“Ocean Zero” is centered around the quest of a “space whale,” a sentient space vessel named L’Orca, a pipe-smoking astronaut chimp named Grissom, and two “Delfins,” Moo and Voo, who live in the planetoid Ocean One “in violation of the laws of physics,” which is “a single drop of water orbiting the sun” and where, tellingly, “Only the violation of symmetry was a crime.” Moo commits this crime and spends time both intentionally and not, in the wreckage/bones of a space whale that is L’Orca’s double. Probe One and Probe Two, Dr. Own and Dr. One, are transformative “double agents.”

Characters and objects morph into different states and change identities in O0—even the Earth and moon change names. The characters are also evocative of other sources: the cave from Plato; the Orwellian Mind of O; the Pann, Tink, and Windy from Peter Pan; L’Orca, the Spanish poet; and Gus Grissom, the pioneering astronaut who was part of the Gemini project and who died tragically in the Apollo I mission. There are also allusions to The Wizard of OZ (note the initials of “Ocean Zero”).  Other sources and allusions float throughout the space of the stories. Joron is playful with these resonances and references, not cryptic, and there is a humorous wink in much of it.

Joron’s singular poetic sensibilities are evident throughout O0. And then there are the book’s many metafictional moments: at points, the characters are dictated by the story, animated by their own readings of their own story; at other points, “numbers march like soldiers into the real world”; and at other points, characters appear as text and they are released to write their own stories. These characters, all of them post-human, aren’t always what they seem, often transforming, their names often evoking other things, some coming alive with the act of reading. Again, there is a real sense of play at work here, as Joron throws the symmetrical systems of language out of phase with themselves.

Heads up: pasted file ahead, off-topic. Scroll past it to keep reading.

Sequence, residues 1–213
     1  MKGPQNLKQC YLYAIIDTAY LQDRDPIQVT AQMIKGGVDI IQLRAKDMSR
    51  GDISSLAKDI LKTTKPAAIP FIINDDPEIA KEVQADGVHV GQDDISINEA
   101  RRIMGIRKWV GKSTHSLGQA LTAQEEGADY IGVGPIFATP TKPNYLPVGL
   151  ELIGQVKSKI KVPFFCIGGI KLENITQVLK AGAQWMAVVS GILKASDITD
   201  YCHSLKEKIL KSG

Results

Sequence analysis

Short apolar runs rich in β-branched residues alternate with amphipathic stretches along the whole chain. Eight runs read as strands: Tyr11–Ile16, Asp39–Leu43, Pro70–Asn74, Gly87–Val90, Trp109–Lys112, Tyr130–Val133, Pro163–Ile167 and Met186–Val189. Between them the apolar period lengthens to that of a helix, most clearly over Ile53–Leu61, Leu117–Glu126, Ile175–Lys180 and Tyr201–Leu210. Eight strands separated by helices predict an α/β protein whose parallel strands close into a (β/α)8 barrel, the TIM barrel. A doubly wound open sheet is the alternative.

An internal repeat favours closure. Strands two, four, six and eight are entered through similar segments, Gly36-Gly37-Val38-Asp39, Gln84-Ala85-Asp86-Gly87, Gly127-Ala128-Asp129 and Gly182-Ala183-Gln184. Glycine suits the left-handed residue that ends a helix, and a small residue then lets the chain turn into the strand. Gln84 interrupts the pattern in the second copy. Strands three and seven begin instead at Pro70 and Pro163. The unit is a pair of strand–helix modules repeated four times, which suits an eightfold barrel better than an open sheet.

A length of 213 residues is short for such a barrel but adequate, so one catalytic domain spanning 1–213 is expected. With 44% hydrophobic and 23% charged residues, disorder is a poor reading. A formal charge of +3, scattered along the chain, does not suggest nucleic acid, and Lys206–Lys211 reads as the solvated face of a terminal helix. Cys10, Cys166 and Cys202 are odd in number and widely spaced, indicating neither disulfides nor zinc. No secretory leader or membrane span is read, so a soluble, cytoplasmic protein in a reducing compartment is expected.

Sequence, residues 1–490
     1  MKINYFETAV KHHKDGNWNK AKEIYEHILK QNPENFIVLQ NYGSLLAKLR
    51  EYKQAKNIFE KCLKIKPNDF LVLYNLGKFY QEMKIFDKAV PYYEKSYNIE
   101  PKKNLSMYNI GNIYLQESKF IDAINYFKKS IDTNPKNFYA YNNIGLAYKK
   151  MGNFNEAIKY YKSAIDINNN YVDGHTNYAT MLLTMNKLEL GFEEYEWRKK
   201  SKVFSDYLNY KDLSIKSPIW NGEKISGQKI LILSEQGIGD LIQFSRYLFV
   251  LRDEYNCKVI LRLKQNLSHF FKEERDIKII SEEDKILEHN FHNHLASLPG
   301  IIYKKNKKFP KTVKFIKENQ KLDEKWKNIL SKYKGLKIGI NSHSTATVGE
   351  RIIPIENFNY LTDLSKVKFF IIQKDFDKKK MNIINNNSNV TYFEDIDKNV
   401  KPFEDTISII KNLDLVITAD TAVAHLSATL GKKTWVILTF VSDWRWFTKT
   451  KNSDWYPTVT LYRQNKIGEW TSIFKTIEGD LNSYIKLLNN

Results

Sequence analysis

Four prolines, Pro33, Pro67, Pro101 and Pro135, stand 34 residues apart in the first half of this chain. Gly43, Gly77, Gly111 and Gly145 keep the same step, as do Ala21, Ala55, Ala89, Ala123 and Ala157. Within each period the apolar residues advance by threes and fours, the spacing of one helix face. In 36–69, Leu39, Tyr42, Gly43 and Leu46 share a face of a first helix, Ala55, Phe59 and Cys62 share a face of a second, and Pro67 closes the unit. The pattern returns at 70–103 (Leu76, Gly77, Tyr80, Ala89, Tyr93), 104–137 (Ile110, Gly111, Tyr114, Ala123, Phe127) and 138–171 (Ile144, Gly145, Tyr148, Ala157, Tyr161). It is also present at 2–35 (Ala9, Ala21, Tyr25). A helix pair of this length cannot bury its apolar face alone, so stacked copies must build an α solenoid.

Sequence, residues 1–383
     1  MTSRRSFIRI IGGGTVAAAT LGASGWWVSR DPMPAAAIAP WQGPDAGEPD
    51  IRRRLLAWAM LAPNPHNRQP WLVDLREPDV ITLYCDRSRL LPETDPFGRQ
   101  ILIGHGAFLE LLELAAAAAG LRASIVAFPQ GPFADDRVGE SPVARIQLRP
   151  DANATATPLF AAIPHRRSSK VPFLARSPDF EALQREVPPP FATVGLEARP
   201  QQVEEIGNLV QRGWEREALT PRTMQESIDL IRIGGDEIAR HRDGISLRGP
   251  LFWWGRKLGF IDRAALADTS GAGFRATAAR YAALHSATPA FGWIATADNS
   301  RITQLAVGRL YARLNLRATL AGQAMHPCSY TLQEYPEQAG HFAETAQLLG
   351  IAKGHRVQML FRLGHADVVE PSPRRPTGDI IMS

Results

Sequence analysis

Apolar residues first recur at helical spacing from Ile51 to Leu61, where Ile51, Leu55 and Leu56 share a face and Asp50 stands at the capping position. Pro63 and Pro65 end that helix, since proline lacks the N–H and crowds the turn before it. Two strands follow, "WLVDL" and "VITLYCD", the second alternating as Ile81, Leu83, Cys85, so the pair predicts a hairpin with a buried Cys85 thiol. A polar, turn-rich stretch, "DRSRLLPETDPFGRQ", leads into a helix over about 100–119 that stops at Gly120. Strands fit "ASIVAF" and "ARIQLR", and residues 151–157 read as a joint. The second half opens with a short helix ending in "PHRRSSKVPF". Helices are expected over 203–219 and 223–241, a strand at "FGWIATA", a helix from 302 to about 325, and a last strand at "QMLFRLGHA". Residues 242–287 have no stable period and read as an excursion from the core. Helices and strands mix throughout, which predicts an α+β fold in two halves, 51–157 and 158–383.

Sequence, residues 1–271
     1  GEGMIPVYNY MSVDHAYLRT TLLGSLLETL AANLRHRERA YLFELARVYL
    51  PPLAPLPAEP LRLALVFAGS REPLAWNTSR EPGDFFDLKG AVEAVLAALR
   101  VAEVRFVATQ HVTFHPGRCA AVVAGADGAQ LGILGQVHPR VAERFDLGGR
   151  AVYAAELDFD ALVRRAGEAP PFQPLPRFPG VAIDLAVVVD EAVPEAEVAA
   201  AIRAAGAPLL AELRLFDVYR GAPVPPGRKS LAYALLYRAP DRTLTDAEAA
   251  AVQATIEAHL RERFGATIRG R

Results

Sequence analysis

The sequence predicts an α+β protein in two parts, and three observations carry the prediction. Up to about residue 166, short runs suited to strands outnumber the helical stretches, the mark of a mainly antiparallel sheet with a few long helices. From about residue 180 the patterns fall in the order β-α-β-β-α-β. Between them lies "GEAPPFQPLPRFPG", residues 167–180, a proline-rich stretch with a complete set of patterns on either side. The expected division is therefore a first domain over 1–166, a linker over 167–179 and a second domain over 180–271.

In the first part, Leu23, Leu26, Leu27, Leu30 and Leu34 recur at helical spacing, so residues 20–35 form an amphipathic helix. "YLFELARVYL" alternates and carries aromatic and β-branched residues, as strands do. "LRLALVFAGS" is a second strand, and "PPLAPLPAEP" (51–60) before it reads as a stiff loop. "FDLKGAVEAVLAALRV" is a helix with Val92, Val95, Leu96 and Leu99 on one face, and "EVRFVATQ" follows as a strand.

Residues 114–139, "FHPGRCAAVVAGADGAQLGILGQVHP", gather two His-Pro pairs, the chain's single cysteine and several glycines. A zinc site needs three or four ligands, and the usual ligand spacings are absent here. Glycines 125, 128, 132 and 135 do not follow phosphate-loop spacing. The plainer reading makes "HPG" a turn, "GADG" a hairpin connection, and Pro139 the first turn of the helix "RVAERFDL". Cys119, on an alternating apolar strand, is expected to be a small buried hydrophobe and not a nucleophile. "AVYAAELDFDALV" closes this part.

As he does in his poetry, Joron constantly defamiliarizes language in these novellas, often through juxtaposing phrases: “Amorous! Our-anemonies,” “O mystery, to be the twin of between,” “I put the own in known,” and  Dr. Own–once well known, now so alone.”  The book is full of these delights: I kept wanting to pronounce Oopolis as “oomph-o-lis” instead of “Oh-opolis,” which has an absurdist comical effect. And the first time I read “Nasaism” I did a double-take, thought, wait, “Nazism?” and then “Nay-sayer-sim?” or something like that. Finally getting it—“NASA-ism!”—I laughed. This is part of what makes O0 so inviting: constantly in flux with multiple meanings, characters, phrases, its many concepts resonate on many levels.

Doubles abound in the book, emanating different versions of themselves. This doubling/mirroring/dialectical aspect of O0 (which is itself two stories) radiates interesting and interconnected surprises, Joron creating a material sense of fiction.

The experience of reading a novel is often posited as escapist absorption, into a “flow experience,” one of the most satisfying psychological states, etc. But with Joron, you are absorbed and flung back out again constantly. It draws you in only to pop you back out again into the metacognitive level of being aware that you’re reading text. That is, you’re absorbed into the seduction of narrative, but then reminded, like a Matisse painting, for example, of the material nature of the art, that characters, setting, etc., are representations in language. The effect is mind-bending, rewarding, fun, and profound: you’re thrown in and out of the story, made aware of yourself as a reader (with awareness of you reading), and thrown back deeper into your own evolution of reading.